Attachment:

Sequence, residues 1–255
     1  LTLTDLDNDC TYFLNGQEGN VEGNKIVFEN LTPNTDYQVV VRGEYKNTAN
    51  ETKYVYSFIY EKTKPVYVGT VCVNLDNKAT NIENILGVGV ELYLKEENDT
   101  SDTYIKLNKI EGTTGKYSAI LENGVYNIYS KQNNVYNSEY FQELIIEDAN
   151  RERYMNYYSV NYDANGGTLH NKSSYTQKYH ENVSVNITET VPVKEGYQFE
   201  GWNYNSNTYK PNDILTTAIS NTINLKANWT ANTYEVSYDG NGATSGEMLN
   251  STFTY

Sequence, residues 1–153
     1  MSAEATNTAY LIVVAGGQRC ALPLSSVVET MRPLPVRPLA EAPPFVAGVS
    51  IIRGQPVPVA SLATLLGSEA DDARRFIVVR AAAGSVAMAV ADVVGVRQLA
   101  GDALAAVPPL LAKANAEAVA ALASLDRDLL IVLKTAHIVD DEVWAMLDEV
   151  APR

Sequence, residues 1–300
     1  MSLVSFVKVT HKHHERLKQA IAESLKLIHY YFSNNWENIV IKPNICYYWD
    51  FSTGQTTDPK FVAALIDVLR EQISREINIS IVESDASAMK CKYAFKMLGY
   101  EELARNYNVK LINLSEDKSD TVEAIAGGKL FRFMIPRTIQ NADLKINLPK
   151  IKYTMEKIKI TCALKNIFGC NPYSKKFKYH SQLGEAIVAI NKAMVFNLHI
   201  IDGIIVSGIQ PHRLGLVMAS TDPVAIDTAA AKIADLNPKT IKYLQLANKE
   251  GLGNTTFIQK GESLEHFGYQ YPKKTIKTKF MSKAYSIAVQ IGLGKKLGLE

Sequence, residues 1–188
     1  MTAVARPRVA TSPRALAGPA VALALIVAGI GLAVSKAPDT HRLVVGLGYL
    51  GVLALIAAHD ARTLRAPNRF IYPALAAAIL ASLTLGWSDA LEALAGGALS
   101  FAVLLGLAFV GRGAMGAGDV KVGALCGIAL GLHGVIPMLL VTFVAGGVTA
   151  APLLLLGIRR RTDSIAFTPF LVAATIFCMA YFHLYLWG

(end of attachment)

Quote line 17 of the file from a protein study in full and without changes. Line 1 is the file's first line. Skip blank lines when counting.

   151  IKYTMEKIKI TCALKNIFGC NPYSKKFKYH SQLGEAIVAI NKAMVFNLHI